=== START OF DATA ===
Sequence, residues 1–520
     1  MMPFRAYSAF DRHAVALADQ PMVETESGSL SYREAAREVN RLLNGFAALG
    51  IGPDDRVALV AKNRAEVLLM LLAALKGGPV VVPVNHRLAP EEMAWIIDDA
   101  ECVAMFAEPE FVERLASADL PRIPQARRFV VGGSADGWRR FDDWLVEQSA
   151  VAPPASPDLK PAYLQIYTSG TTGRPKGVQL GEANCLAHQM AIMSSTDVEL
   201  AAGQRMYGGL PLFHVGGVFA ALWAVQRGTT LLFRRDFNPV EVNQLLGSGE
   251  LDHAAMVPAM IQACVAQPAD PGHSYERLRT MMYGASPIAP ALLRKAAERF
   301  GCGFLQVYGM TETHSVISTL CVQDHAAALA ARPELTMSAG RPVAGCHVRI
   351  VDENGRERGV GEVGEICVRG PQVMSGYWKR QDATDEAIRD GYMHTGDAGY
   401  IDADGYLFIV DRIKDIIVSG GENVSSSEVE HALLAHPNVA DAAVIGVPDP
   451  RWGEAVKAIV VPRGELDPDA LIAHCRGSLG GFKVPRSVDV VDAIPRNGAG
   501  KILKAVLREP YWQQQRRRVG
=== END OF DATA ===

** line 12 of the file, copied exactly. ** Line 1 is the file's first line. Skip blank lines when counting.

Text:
   501  KILKAVLREP YWQQQRRRVG